‘Count your blessings, name them one by one, and it will surprise you what the Lord has done,’ are the words of an old Christian song. How easily we forget to thank God for the countless good things he provides for us. We take it all for granted.

But there is something else we often forget; King David wrote about it in Psalm 103. It seems he wrote this for the great choir he established in Jerusalem. It reflects his personal growth in his understanding of God.

With his opening and concluding words, Bless the Lord, O my soul, we find that this song has the tone of a personal reflection. His exhortation is directed to his inner self – a theme that he especially develops in the first five verses.

In reminding himself of all God’s benefits he begins by focusing on the forgiveness and healing that God held out to him. This suggests the psalm was perhaps another reflection on his affair with Bathsheba and his sickness in the aftermath when he was deeply depressed and ill. Assured now that the sin that had caused his sickness was forgiven, he reflects on the extraordinary mercy of the Lord.

Significantly, David didn’t attribute his recovery to good medical care or healthy foods. Rather, he sees his deliverance as nothing less than God’s personal involvement in his life. He doesn’t even attribute his deliverance to the power of prayer. Instead, he reflects on God’s mercy: The Lord works vindication and justice for all who are oppressed. He made known his ways to Moses, his acts to the people of Israel (103:6-7).

‘My experience,’ he says, ‘is an example of a general truth about God that I read in the Scriptures.’ At the time of Moses God broke into the experience of an entire nation. He revealed what a just and righteous God he is when he delivered his people from oppression in Egypt and opened a way for them to enter the land of Canaan. God showed himself to be merciful and gracious, slow to anger and abounding in steadfast love (103:8).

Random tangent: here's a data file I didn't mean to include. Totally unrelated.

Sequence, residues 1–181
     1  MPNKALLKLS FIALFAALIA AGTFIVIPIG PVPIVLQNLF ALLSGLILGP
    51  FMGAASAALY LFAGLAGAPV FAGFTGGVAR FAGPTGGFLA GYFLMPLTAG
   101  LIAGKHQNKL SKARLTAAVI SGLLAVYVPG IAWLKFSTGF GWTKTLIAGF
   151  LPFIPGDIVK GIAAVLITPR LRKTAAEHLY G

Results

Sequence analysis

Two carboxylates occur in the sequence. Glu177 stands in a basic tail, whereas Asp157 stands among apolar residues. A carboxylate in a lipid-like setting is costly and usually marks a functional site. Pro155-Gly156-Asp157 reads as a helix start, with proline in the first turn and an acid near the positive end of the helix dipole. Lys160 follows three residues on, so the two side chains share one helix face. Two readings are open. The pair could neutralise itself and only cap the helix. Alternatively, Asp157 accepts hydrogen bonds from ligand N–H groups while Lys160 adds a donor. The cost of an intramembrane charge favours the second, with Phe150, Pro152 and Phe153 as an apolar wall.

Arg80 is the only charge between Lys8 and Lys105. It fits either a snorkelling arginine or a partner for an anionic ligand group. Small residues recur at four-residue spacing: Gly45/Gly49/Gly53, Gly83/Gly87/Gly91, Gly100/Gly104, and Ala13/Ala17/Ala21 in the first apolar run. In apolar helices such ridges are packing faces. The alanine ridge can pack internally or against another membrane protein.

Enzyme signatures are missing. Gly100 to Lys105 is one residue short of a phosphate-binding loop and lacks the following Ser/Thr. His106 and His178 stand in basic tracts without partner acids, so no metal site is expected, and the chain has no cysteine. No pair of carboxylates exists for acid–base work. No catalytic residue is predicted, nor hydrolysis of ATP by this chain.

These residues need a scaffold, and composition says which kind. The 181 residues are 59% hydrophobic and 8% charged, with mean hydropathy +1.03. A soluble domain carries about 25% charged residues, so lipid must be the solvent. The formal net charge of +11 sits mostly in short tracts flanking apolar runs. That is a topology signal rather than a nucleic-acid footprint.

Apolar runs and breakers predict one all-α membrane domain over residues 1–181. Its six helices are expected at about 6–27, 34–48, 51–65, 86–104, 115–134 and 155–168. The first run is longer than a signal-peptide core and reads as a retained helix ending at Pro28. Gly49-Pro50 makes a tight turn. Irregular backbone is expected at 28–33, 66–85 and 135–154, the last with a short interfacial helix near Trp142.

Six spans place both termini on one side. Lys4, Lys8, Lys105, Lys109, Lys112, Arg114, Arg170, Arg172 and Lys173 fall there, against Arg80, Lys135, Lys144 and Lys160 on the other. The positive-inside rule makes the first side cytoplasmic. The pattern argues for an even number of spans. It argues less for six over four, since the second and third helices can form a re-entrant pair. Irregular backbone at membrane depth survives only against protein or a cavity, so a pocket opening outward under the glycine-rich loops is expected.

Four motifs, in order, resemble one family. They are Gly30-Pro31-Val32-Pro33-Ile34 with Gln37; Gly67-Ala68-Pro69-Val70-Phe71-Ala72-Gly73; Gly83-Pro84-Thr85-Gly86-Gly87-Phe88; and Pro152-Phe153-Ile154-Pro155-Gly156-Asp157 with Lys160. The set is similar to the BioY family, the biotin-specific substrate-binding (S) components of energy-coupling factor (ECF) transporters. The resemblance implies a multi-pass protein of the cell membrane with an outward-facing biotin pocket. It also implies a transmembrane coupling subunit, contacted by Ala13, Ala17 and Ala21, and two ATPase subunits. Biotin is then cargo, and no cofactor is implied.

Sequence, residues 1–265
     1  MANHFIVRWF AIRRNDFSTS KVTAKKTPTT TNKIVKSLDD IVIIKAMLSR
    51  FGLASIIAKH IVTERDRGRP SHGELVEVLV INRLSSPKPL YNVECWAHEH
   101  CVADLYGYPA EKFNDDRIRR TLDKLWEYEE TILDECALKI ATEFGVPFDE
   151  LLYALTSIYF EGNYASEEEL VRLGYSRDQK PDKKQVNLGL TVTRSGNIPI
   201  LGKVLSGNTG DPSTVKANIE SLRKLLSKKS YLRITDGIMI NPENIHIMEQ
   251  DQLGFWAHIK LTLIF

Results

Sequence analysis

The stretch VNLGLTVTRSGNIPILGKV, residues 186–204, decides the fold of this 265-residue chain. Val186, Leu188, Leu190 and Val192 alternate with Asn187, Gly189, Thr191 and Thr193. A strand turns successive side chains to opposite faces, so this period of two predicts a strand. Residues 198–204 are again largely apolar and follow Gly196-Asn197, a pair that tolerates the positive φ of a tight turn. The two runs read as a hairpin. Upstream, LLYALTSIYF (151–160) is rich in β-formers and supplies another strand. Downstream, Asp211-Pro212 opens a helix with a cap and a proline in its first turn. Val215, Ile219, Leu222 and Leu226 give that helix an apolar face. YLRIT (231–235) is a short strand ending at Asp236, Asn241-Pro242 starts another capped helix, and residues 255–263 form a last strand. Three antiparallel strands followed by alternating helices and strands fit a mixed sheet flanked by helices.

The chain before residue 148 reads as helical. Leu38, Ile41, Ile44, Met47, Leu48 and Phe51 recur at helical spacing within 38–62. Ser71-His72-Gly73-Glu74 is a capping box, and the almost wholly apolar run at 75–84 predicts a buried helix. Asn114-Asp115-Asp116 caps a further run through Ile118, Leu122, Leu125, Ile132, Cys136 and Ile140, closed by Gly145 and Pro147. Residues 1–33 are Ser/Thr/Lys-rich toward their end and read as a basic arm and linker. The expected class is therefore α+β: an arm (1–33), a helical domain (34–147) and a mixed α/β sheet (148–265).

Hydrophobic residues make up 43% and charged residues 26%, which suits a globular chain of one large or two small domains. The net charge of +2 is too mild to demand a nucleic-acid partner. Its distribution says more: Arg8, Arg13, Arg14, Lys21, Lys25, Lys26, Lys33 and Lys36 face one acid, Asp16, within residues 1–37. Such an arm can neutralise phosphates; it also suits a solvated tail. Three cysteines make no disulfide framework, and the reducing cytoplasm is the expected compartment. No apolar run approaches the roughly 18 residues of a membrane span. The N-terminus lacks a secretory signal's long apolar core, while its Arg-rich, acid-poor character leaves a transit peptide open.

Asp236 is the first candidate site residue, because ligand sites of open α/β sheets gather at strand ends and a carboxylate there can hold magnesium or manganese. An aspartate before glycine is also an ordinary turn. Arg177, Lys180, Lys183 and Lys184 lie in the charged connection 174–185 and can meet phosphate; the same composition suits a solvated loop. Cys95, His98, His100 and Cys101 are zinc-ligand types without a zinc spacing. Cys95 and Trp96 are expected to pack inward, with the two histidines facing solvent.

Now, it’s important that we think about this. We can’t scientifically prove that God is at work in our lives. Nor can we prove that God answers our prayers. If anyone wants to interpret events some other way, we can’t prove them wrong. All we can say is that our personal experience and the testimony of the Bible mesh together in a way that we find personally convincing. We know God is real because somehow everything hangs together and fits. It rings true. This helps us when we think about our faith, or we are looking into faith.

Years ago, when I was re-thinking my position about my faith, I looked for some kind of logical argument that concluded, ‘The New Testament is true’ and ‘Jesus did rise from the dead’. When I found that the Bible never even tried to offer reasoning along these lines, I felt let down. Then I realized that faith, as the Bible reveals it, is not a logical deduction. We can’t prove that God exists and then decide we’re going to believe in him. This doesn’t mean that faith is a leap in the dark: it is grounded in historical reality.

As others have observed, ‘faith isn’t a logical deduction, it’s closer to what scientists call a paradigm shift’ – what the Germans call a Gestalt phenomenon.